HN123 is the cipher given to a former Special Demonstration Squad undercover officer who was deployed 1993-1998. He has been linked to the unit's spying on the Stephen Lawrence campaign. The Undercover Policing Inquiry has ruled that HN123's real and cover names will be restricted.
- For the N cipher system see N officers page.
As an SDS officer
Deployed into a number of left-wing groups 1993-1998, one of which 'advocated and practiced the use of violence'. Retired from MPS on health grounds & later diagnosed with a mental health condition in part derived from his deployment - in slow but incomplete recovery. Said to have played a part in activities connected to the spying on the Stephen Lawrence campaign, including by Peter Francis' barrister at the hearing of 21 November (Ms Sikand stated that the group HN123 infiltrated interacted with the Lawrence's parents), but the extent to which that happened is disputed.
The Review stated (p.211): N123... spoke on the telephone to Operation Herne in November 2013: "Francis was lying about the smearing of Lawrence…" N123 had taken over from Mr Francis when in the back office. Mr Francis had told him that it was their role to provide "gossip for the field…" N123 had spent nine months in the back office and amongst management and had gone to field meetings. Not once did N123 see or hear any instruction to 'smear' the Lawrences. He did not see any paperwork to reflect this either.
According to Bob Lambert (Ellison, p.214), N123 started his undercover work after Lambert had become head of the SDS and stated: I am sure from day one the Stephen Lawrence case would have been on N123’s agenda, and… they must have attended, started to attend meetings with the Stephen Lawrence campaign, almost goes as read that they would have been there… they would want to be inside the meeting, to have a speaker on the platform and so N123 is following close behind ‘Pete Francis’… they became quite close friends and times would have been at the same events… May well have been events specifically in support of the Stephen Lawrence campaign…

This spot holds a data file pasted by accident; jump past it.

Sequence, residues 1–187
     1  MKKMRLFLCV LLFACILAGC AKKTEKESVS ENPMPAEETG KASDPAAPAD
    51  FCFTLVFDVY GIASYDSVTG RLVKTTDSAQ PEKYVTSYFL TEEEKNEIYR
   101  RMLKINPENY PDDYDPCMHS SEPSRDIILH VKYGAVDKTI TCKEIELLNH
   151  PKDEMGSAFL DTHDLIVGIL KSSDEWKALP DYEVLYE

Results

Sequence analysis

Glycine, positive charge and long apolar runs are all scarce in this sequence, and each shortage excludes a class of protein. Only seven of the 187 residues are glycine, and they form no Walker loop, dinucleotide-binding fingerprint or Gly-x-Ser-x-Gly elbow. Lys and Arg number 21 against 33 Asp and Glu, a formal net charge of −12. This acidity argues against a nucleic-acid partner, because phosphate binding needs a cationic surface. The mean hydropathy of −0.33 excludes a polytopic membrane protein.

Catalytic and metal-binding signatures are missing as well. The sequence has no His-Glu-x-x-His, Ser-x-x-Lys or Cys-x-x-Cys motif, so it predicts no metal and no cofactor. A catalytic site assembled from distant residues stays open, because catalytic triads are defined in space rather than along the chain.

In the Undercover Policing Inquiry
HN123 was granted core participant status in the Undercover Policing Inquiry by its then Chair, Sir Christopher Pitchford, on 21 October 2015. In Pitchford's ruling of 15 April 2016 his legal representative was recognised as Slater & Gordon. However, on 24 January 2018, the new chair, Sir John Mitting, at HN123's application, terminated both his designation as a core participant, and Slater and Gordon as his legal representative.
An application was made by both the Metropolitan Police & HN123's then lawyers to restrict both cover and real names, accompanied with personal statements & medical material - of which open versions were published in August 2017 (some material having previously being released in March 2016). See also the NPSCP submissions of 5 October 2017.
- HN123 and HN123’s partner are concerned about the possibility that HN123’s identity will be revealed during the Inquiry, both for reasons of safety and because of the potential impact on HN123’s health. I have read personal statements by both of them, which are and will remain closed, in which these concerns are expressed. I accept that they are genuine and not irrational. Overriding them would interfere with their right to respect for private and family life under Article 8 of the European Convention and would require to be justified under Article 8(2). Fulfilment of the terms of reference of the Inquiry does not require that the real or cover name of HN123 be published. The evidence of HN123 can be given under a cypher. HN123 was involved indirectly in deployments affecting the Lawrence family and can give evidence about that under the cypher. To the extent that it is contentious, it can be challenged just as effectively, as if given in the real or cover name. In those circumstances, the interference would not be justified. It is desirable, and may be essential, that HN123 gives evidence in public. In that event, protective measures are likely to be required.